Why are chimneys like party poppers?

We are nearing the final stages of the English and Maths project, where a bunch of Yr9 students are using their understanding of how pollution spreads to convince the local residents and the planning officials that building 4 factories in the heart of the Olympic Park is a bad idea. Jess wrote about the project planning here, and the press attention here.

The mathematical foundation for the argument against the factories has constantly shifted over the past term. Both frustrating and rewarding. Here is the journey, starting in October.

  1. Initially I assumed that any theoretical understanding of pollution would be difficult for a nurture group, probably delving into multi-variable differential equations.
  2. Therefore, we at first planned to record levels of pollution in the local area, and use this data to predict what the pollution might be like after the construction of concrete factories. We were very kindly given a class set of tags that paired with phones to give data. Unfortunately the data was not detailed enough, logistically it was difficult to go out and record high quality data, and not every student had a phone. The dream of students independently going out and using their phone to change the world was somewhat dashed. That said, a few students do continue to use their tags and record the pollution in their daily lives – small win.
  3.  If measuring air pollution was not going to work, would we have to go back and understand the theoretical models? A few weeks of emailing around pollution scientists in London and treading water in lessons ensued. Elsa, from Southbank University, came and spoke to the class, and taught me about the Gaussian Plume Model. We had found an equation that could map out spread of pollution.untitled-picture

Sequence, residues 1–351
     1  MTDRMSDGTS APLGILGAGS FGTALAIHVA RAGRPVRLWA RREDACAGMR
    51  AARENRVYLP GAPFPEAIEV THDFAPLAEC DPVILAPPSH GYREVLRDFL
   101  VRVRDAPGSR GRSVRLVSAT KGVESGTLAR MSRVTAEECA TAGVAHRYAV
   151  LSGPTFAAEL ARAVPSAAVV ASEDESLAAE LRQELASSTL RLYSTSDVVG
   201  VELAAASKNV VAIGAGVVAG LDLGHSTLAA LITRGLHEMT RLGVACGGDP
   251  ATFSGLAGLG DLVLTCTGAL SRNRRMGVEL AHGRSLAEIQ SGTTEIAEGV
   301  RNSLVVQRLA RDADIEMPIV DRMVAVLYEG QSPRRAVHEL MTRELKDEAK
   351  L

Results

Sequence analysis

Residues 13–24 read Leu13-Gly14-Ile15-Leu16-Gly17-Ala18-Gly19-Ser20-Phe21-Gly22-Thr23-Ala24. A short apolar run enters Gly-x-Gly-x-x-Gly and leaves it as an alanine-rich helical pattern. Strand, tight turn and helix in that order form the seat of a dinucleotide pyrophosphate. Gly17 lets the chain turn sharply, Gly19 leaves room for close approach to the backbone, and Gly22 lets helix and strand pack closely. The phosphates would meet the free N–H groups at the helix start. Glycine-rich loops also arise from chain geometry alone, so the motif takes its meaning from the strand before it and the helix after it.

4. First attempt: students to understand the equation and substitute in the relevant variables (for example, distance away from concrete factory and speed of wind). I made a beautiful but hopelessly complicated flowchart to aid this process.untitled-picture
  5. The equation was too unwieldy. Next step: I plug the numbers into the equation (or sometimes students use a ready-built calculator to do it themselves, and the students plot the graphs and analyse the results. Plotting graphs with very small and very big numbers involved revealed great teaching points about rounding and scale.untitled-picture

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We discovered that the students were having difficulty understanding the variables affecting how dirty the air that you breath in is. For example, what does “distance from chimney to my location”? Building on an idea from Jess I made a double-lesson analogy of Chimney as party popper, with the exploding paper representing the pollution. untitled-picture

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Distance to factory, distance to side of factory, and height of chimney, become real.

 

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Conclusions 

  • Through this tortuous journey of dead-ends and frustrated ideas we (accidentally?) exposed the students to a variety of mathematical ideas. Had we gone straight to Stage Five: plotting graphs and analysing them, then there would have been no data collection, no understanding of equations, no algebraic substitutions.
  • The fact that we teachers genuinely had no idea of how to solve the problem gave us intellectual excitement throughout the project, useful in pumping up the students and our lessons.
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